Recently, first year PhD student Kayla presented a proposal for her master’s thesis titled Growing Toward the Common Good: Collective Action During COVID-19. Kayla is interested in examining how experiences of COVID-19 may impact action focused growth, in which individuals find meaning in traumatic events by translating growth into action. With her study, Kayla is hoping to gain insight into how action focused growth contributes to collective action and to further understand how the bystander effect relates to people promoting the “common good” during the ongoing pandemic.
Kayla predicts that participants who experience growth in the wake of COVID-19 related stressors will be more likely to intervene during events that prompt action for the “common good” compared to participants who experienced either no growth or no stressors. Additionally, she predicts that individuals who see themselves as heroic will be more likely to take the social risk of intervening when in a group of people. With her study, Kayla hopes to help identify factors that predict who will engage in collective action as a form of action focused growth. Awesome job Kayla, we can’t wait to learn more!
The annual Founders’ Day Faculty Recognition event commends faculty members whose teaching and research excellence, creative achievements, and community service have contributed to the betterment of society. They honor OU faculty members for their scholarly achievements and dedication regarding research and critical teaching roles in educating the leaders of tomorrow. This year, the FF-PTG lab’s very own director, Dr. Kanako Taku has been awarded as an honoree for her teaching. In regards to her skills in the classroom, Dr. Taku “helps her students find success by using data derived from students, making students more involved and classroom time more engaging.” But her dedication and passion for teaching goes beyond the classroom: “the students that she has supported have found success, earning awards, grants and presenting work at local, national, and international conferences”. Congrats Dr. Taku! The lab is extremely proud of you and all of your accomplishments!
Senior undergraduate member, Kat, gave a presentation on The Impact of Multiple Events on Posttraumatic Growth in Adolescence. Based on previously collected data, Kat’s presentation examines the relationship between different measures of trauma severity and PTG within a sample of high school students. In addition, PTG is uniquely measured as a result of multiple events, rather than just one. Her analysis found that the number of events experienced linearly and positively correlated with PTG, as did reports of stressfulness at the time of the event(s). When filling out the PTGI, participants were more likely to experience specific aspects of PTG as a result of one event, rather than multiple events.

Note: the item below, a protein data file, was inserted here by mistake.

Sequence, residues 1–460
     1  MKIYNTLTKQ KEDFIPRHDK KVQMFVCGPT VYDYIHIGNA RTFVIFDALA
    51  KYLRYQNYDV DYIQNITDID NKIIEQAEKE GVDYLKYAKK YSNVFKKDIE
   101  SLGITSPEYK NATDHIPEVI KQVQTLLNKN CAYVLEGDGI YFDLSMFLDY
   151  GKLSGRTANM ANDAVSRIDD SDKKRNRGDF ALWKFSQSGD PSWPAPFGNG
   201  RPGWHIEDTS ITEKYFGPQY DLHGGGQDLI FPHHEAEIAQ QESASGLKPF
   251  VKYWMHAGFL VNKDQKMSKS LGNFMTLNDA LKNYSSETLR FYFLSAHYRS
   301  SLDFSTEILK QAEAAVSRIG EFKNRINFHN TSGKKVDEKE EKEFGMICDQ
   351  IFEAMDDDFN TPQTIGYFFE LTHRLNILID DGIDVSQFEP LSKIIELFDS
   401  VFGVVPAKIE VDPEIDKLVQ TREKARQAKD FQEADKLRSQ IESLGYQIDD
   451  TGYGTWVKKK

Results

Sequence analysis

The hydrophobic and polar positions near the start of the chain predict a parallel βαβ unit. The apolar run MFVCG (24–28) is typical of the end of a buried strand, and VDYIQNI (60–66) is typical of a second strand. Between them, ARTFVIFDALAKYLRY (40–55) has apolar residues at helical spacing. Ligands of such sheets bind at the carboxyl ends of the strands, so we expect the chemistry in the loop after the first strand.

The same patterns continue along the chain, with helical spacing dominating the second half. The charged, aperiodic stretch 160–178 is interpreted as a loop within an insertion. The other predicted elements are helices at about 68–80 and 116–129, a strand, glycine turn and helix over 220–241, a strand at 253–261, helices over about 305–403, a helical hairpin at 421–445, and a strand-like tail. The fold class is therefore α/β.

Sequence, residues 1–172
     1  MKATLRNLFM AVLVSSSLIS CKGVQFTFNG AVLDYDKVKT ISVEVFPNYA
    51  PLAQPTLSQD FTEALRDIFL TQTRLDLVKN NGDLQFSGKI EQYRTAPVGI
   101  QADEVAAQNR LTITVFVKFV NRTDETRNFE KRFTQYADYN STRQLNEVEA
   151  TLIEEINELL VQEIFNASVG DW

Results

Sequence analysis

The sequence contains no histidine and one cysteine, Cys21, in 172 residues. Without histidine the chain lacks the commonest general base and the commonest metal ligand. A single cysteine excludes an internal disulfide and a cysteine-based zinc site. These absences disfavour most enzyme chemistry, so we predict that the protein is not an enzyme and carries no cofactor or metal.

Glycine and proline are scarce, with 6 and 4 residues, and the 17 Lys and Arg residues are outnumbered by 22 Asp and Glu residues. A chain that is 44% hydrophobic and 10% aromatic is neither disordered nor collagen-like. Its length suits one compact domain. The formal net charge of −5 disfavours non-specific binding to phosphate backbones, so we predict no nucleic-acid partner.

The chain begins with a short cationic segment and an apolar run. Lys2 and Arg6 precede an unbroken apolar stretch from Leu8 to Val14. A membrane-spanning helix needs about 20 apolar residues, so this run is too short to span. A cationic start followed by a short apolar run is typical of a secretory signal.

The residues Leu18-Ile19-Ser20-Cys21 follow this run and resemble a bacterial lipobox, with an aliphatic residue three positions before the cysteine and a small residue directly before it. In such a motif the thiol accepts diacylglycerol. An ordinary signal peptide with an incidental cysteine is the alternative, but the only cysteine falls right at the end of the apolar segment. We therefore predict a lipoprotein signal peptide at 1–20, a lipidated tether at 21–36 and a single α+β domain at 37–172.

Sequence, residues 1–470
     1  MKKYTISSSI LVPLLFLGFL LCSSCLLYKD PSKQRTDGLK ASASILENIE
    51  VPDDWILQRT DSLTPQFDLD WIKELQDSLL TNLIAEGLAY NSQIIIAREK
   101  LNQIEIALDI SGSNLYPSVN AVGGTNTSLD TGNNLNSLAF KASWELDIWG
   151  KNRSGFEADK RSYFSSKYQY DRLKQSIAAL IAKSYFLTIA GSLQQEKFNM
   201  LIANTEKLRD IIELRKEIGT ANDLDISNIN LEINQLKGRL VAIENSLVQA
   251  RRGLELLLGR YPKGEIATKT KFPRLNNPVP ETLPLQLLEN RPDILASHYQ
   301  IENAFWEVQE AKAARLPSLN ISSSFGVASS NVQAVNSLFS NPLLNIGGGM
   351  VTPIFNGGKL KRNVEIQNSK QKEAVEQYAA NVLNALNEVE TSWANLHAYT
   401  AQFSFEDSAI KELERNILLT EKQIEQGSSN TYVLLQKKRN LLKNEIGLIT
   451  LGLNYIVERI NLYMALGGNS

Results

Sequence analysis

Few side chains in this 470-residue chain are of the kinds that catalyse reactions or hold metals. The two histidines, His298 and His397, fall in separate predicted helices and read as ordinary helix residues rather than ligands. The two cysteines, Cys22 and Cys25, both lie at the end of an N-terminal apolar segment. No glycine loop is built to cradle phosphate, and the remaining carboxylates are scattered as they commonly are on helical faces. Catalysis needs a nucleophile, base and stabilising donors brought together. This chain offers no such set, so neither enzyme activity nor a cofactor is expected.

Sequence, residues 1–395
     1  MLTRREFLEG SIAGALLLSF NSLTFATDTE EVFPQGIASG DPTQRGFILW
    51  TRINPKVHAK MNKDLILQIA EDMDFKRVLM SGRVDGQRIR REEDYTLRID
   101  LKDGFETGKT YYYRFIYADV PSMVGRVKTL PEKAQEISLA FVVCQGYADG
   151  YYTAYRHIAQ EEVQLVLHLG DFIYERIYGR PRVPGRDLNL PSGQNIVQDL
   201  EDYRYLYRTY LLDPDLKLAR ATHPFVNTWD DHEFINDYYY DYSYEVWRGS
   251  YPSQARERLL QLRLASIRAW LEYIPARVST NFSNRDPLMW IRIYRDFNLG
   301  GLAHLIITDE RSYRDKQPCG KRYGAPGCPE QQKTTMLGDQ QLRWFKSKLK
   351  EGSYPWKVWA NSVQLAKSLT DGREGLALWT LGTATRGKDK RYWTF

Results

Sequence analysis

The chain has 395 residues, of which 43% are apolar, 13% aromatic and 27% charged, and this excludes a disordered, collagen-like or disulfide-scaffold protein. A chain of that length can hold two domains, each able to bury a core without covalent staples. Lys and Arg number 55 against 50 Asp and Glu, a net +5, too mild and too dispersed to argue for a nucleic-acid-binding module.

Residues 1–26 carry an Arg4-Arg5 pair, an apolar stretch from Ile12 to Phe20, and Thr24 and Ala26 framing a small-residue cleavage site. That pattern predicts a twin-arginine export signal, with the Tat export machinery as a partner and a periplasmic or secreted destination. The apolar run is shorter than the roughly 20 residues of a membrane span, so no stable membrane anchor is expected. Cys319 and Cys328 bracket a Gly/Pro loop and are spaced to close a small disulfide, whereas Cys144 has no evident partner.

Interestingly, experiencing recent enduring symptoms of posttraumatic stress shared a curvilinear relationship with PTG and with specific items on the PTGI, indicating that severe symptoms of PTSS may hinder the ability to recognize or experience PTG.
Kat is currently working on adapting her results into a manuscript. Great work, Kat, we look forward to hearing more about your work!
Kara, second year Master’s student presented updates to her thesis proposal titled Identifying the tipping point of recognition of alcohol abuse symptoms in undergraduate students. Tipping points are typically defined as specific moments that elicit major change, or even perception of change. For her master’s thesis, Kara intends to identify tipping points for alcohol abuse symptomatology, examining undergraduate’s self-perceptions of alcohol consumption and perceptions of their peers’ consumption. Specifically, she is measuring alcohol use and subsequent symptomatology, parental alcohol use and permissiveness, and tipping points through an assessment in which participants identify how many drinks per day and duration of the behavior required to be considered problematic, as both a self-evaluation and evaluation of their peers. This spring, Kara began collecting data, which is still ongoing, but she has provided us with some preliminary data analysis. Her findings so far indicate that both self tipping points and peer tipping points are impacted by personal drinking habits. Interestingly, the averages of self tipping points were lower than peer tipping points.
Kara hopes her research will contribute to literature regarding tipping points in psychology, and the impact of exposure to alcohol on perceptions of developing a problem. Her work may have potential clinical applications in the discussion of alcohol abuse and creating interventions to reduce alcohol use disorder on college campuses. Great job, Kara! We look forward to hearing about your future findings!